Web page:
Tuesday, 16 May 2000
Dáil Eireann Debate
60. Mr. Dukes asked the Minister for Public Enterprise the local authorities which had, by 3 March 2000, set up local energy management agencies; the additional local authorities which applied before 31 March 2000 for funding under the EU SAVE programme or from other public sources to set up these agencies; and if she will make a statement on the matter. [8709/00]
 The local authorities that had set up local energy management agencies by 3 March 2000 include Cork Corporation, Dublin Corporation, Galway Corporation, Cork County Council, Donegal County Council, Kerry County Council, Sligo, Leitrim and Roscommon County Councils, Tipperary North and South Riding County Councils and Mayo County Council. Additional local authorities that applied for funding under the EU SAVE programme before 31 March 2000 include Wexford County Council, Carlow and Kilkenny County Councils, Meath County Council and Cavan and Monaghan County Councils.
My colleague, the Minister for the Environment and Local Government, Deputy Dempsey, and I have taken a joint initiative at local community level to create a nationwide infrastructure of local energy management agencies aimed at reducing emissions of greenhouse gases and air pollution caused by the generation and consumption of energy. We wrote jointly on 7 March 2000 to county managers and chairpersons of local authorities to highlight the role of local authorities in continuing to meet Ireland's targets to limit greenhouse gas emissions under the Kyoto Protocol. The development and expansion of the network of local energy management agencies, sponsored by local authorities, has been identified by both of us as a priority in mobilising action at local level to help achieve Kyoto targets. The initiative is an excellent opportunity to promote energy efficiency and renewable forms of energy at local level as well as integrating environmental protection and sustainable development.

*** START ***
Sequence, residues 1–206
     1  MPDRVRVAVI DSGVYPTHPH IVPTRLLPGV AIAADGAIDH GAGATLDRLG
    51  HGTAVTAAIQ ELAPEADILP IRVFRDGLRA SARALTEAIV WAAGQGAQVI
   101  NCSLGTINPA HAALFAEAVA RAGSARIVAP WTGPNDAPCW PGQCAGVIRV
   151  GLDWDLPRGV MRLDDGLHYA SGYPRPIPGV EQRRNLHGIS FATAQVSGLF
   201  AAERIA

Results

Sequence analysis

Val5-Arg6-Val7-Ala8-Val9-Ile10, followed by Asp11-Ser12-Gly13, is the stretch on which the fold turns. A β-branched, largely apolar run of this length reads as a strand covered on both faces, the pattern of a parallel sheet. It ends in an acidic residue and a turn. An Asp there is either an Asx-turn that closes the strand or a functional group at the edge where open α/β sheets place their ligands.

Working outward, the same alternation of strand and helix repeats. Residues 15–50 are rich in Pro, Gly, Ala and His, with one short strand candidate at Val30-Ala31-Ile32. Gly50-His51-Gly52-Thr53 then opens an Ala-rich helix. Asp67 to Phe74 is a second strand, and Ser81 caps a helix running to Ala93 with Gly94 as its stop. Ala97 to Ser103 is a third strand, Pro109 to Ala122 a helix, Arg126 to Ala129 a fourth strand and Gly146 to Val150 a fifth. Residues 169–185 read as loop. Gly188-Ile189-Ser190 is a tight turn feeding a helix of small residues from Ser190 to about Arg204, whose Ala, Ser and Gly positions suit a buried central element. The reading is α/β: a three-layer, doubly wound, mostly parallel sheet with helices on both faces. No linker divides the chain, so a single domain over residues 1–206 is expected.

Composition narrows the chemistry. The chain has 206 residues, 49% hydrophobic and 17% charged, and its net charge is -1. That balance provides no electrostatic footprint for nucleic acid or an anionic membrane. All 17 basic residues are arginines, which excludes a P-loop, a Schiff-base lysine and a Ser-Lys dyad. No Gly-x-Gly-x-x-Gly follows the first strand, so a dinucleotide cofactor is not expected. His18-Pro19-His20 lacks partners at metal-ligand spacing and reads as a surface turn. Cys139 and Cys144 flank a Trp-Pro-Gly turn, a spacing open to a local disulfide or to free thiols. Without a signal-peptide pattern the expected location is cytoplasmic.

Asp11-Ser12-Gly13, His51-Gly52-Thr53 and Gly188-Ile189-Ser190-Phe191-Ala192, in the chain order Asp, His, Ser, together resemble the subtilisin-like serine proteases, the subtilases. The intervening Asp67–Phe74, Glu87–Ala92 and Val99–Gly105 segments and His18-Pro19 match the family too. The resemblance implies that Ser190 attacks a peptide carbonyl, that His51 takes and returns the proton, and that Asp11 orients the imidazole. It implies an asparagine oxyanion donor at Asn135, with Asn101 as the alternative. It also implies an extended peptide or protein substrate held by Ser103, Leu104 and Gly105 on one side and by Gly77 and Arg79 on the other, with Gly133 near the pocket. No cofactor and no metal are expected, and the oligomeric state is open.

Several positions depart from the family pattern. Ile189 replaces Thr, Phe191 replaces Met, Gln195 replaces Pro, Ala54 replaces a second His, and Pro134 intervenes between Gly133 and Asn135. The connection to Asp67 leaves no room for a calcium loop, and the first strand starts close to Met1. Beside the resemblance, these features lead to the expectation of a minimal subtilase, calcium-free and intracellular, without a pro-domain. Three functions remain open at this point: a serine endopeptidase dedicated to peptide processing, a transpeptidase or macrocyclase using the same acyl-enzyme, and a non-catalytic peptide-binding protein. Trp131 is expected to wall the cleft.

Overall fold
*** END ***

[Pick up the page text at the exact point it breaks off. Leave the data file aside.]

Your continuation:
There will be an opportunity next year for further applications to be made for SAVE funding under the programme and other local authorities have expressed an interest in pursuing such funding opportunities.
Mr. Currie: In view of the fears that Kyoto targets are not obtainable, which is a widespread belief, is the Minister of State satisfied that sufficient work is being done on this level to try to minimise the deficiencies that are now apparent?
Mr. Jacob: The local energy agencies are meritorious and useful. The reason we are endeavouring to encourage them is to ensure that the impetus at local level is maintained and increased throughout the country. The major action to date is the Green Paper which deals with energy aspects in the Kyoto context and the substantial funding put in place to fund those measures incorporated in the Green Paper.
Mr. Stagg: Will the Minister of State outline what incentives are in place to encourage local authorities to set up local energy management agencies and what are the advantages for those who live in the local authority areas concerned?
Mr. Jacob: Funding is available under the EU  SAVE programme. The local energy management agencies which have been set up thus far have portrayed the usefulness of the agencies. That indicates the good work being done. What is happening at local level means that other county councils should involve themselves in same. We need them now given what we want to achieve via the Green Paper and the funding which has emanated from Government in response to that. While we are introducing measures at national level we also need action at local level. This initiative has been launched to encourage local authorities to establish energy agencies. I am pleased with the response from those coming on stream this year and those who have indicated they will come on stream next year.
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